It's nice to know how these moc, uic, qmake processes work and what they do in general, but you dont have to understand every single detail :)

    @AnneRanch said in Academic question - how to manage Qt "many colors"?:

    I got things mixed up pretty badly.
    I need to find the actual XML code which "links" the "ui_x.h "file to the class.

    If you messed up your project, do a "cleanup" / "rebuild" or delete your build-folder from OS. Then run qmake / build again.
    This will force new, clean UI-headers and build directories.



  • @mrjj

    @Pl45m4 said in Academic question - how to manage Qt "many colors"?:

    @AnneRanch said in Academic question - how to manage Qt "many colors"?:

    OK, after assigning tool tip in code I found no corresponding text in QDesigner. ( yes it compiles / runs and shows the tool tip !)

    If you access and change UI-elements by using your code, these changes will not appear in your QtDesigner file afterwards.
    It happens on runtime / while compilation and will not change your (QtDesigner-) GUI-definition file.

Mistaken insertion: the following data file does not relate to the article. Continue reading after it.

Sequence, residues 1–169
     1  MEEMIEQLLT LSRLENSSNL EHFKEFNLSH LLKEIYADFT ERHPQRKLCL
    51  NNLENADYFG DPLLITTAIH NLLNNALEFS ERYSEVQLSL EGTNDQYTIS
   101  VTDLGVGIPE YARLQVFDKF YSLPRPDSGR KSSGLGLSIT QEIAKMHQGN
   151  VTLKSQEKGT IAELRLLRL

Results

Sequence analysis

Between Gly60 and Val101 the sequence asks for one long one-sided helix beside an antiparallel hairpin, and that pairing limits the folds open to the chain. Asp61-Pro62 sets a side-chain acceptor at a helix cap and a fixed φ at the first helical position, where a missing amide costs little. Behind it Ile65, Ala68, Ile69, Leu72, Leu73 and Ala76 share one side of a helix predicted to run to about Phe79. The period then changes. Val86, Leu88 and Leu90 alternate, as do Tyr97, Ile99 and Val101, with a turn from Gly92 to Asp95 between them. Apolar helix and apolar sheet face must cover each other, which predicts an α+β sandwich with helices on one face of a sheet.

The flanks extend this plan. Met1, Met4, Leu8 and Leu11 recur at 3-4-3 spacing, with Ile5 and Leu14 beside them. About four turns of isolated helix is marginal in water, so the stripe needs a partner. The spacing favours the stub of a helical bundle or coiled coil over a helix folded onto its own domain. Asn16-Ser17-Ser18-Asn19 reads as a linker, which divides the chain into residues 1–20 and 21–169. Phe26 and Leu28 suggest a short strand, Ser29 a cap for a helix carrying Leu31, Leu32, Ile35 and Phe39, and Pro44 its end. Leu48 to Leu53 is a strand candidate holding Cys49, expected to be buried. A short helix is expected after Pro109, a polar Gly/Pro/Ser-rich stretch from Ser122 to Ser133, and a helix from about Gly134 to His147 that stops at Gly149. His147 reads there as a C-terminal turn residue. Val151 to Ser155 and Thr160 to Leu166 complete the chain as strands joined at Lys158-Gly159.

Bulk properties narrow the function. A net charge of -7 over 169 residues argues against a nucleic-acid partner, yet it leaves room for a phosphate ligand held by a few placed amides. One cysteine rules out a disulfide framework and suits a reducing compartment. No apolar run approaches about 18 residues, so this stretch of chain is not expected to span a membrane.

@AnneRanch said in Academic question - how to manage Qt "many colors"?:

    When I added file from examples I somehow used "#include ui_device.h"
    But my form file is just "device.h" and I cannot find it to edit it.

    The yourGUI.ui file (XML style, QtDesigner output, device.ui in your case, if you have one) contains your GUI definitions from QtDesigner and is translated into ui_device.h (C++ GUI Header) automatically.
    Your "normal" (c++) header (device.h) includes this UI-header-file to provide you access to your GUI by code (from device.cpp)

    In fact this process is repeated every time you compile your program, there is no need to edit files like ui_someClassName.h or even someClassName.ui. The second one actually is editable with any text editor (XML code), if you know what you are doing, but I think nobody would recommend that. (stick with QtDesigner in terms of editing these *.ui-files)

    It's nice to know how these moc, uic, qmake processes work and what they do in general, but you dont have to understand every single detail :)